A pastor, a rabbi, and an imam walk into a bar. Or a Texas town. Or a Seattle mega-church. And they try to change worldviews.
A skeptical reaction to such a scenario is unsurprising. Yet a pastor, Don Mackenzie ’66; a rabbi, Ted Falcon; and an imam, Jamal Rahman, do frequently walk into towns and religious centers together as the Interfaith Amigos, a trio they started soon after the 9/11 attacks. And though their work is no joke, they do encourage laughter. Indeed, they mingle finetuned comic timing with spiritual wisdom in presentations that spread hope for overcoming sectarian conflict and violence.
Humor was a force in forging this team. Early on, they realized that they needed to leaven their mission with humor. “We three as talking heads was not going to do it,” says Mackenzie. “Humor can lift something that seems irreconcilably broken into something that is not.”
Music, too, can foster a sense of unity. They end their programs with a three-verse song about oneness, in which together they sing lines in Hebrew, Arabic, and English.
For decades, each clergyman had been involved in interfaith efforts on his own while leading separate congregations. Then around 14 years ago in Seattle, their lives began to intersect. They discovered not only that they made each other laugh but that they shared basic beliefs in the same God and the unity of the three Abrahamic faiths.
Within a year of 9/11, the trio had bonded— and not just intellectually, says Falcon. “It became clear that we could support each other through difficult passages in our own lives. We became each other’s clergy.” Says Rahman, “We realized we were confiding in each other in very personal and vulnerable ways.”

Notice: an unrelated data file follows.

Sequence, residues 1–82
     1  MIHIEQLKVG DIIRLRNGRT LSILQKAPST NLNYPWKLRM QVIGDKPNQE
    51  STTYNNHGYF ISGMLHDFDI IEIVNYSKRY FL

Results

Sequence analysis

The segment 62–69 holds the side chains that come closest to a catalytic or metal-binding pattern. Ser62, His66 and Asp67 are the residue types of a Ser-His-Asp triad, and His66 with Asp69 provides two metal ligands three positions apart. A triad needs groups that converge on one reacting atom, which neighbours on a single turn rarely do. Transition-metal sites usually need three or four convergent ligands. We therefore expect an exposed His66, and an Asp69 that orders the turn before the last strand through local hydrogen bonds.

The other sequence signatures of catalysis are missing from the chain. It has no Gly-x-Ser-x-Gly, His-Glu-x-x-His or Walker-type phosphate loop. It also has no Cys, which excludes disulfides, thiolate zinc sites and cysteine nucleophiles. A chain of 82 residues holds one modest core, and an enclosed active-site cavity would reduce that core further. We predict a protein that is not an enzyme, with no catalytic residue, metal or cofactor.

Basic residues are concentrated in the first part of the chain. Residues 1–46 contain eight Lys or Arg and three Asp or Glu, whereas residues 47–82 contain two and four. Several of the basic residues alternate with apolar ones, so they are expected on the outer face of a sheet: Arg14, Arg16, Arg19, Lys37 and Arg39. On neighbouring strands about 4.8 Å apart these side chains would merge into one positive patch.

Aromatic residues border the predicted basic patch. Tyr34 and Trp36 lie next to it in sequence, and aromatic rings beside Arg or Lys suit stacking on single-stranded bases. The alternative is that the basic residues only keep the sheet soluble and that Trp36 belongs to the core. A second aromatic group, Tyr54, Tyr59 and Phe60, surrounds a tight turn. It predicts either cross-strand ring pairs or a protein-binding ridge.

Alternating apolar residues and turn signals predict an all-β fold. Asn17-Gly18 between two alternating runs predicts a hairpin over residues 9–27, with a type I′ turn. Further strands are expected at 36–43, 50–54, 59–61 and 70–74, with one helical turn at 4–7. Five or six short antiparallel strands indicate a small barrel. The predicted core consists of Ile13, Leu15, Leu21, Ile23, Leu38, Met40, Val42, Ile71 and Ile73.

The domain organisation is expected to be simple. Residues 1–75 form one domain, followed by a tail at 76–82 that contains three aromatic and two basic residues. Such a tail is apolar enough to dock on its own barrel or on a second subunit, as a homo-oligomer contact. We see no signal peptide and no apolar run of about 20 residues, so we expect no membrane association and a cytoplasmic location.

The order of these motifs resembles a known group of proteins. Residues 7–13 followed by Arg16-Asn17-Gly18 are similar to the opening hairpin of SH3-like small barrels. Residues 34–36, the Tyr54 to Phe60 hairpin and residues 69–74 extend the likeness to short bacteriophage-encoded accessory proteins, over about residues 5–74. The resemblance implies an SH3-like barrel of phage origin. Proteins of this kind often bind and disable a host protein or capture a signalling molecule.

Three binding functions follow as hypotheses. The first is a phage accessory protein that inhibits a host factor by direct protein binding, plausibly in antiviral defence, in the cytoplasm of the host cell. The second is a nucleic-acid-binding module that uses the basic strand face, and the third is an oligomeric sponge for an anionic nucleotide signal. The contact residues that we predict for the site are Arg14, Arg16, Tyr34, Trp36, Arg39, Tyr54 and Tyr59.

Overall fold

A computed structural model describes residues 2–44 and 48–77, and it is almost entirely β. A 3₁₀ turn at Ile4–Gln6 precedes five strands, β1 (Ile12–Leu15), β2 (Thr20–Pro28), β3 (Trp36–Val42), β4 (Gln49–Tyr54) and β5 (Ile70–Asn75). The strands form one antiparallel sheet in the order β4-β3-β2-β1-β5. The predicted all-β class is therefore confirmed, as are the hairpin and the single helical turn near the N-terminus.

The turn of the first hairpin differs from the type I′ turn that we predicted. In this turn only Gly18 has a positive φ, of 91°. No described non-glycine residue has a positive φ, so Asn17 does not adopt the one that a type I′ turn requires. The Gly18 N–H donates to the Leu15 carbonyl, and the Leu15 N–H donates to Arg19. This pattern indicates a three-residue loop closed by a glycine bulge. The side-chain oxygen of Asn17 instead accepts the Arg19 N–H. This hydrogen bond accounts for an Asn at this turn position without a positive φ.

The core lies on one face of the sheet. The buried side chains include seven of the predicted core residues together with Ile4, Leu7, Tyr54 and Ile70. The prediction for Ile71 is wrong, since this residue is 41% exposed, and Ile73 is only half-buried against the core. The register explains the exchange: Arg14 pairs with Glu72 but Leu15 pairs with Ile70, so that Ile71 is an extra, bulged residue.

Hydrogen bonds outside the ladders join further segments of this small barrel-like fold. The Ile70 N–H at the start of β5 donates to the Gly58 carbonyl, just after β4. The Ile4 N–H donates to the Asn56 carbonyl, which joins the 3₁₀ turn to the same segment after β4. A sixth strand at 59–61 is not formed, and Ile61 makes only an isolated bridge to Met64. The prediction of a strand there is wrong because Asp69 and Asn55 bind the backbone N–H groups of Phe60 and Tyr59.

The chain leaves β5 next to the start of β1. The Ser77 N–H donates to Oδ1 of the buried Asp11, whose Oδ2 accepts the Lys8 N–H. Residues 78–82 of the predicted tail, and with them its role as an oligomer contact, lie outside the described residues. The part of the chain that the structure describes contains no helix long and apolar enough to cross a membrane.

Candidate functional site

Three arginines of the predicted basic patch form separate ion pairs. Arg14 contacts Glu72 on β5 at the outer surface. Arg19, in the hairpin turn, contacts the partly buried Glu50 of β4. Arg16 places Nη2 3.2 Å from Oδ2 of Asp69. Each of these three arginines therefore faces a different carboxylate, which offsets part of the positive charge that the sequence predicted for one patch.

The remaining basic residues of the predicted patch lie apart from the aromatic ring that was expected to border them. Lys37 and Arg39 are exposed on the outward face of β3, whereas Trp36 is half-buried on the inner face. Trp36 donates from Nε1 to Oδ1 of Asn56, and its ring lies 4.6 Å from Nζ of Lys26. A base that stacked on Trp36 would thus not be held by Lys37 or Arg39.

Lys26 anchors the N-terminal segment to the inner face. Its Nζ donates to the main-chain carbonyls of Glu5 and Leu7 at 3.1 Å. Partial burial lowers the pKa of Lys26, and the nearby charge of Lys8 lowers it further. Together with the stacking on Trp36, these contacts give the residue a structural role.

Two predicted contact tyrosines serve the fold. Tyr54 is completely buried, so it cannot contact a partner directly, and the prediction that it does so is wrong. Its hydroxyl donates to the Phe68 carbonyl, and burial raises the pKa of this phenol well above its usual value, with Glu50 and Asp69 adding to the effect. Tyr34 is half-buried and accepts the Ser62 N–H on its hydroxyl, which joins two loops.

Reaching across religions in friendship, they believe, is the first stage of interfaith dialogue. Without that foundation, attempts to explore interfaith often founder at subsequent stages, as core concepts of faiths are shared or, even more precariously, as participants discuss areas where their faiths conflict.
The Amigos’ own friendship was tested over issues of Israel and Palestine. Rahman had described the security wall between Jerusalem and Bethlehem in a way that Falcon took as placing all responsibility for violence on Israel. Falcon objected to including that interpretation in the trio’s first book. “I was sensitive because the press in my own community had criticized me [for views considered insufficiently supportive of Israel],” he says. “Then Don, in his characteristic way, remarked, ‘This is really important; this is an opportunity,’ and we started talking about it.” Each imagined himself as the other, and in so doing managed to resolve their disagreement.
They came to their interfaith mission with an abiding sense that their three religions overlap and intersect, and that all religions encourage believers to awaken to a universal force, open their hearts, and transcend their egos to become more complete human beings.
The trio’s third book, due out later this year (see below), discusses the relationship between spiritual practices and social/environmental activism. “Each religion has practices to deal with anger and fear. Each has practices cultivating forgiveness and compassion,” says Rahman. “We can engage in meditation, silence, prayer, and other contemplative practices. These reduce tension and allow people to think clearly.”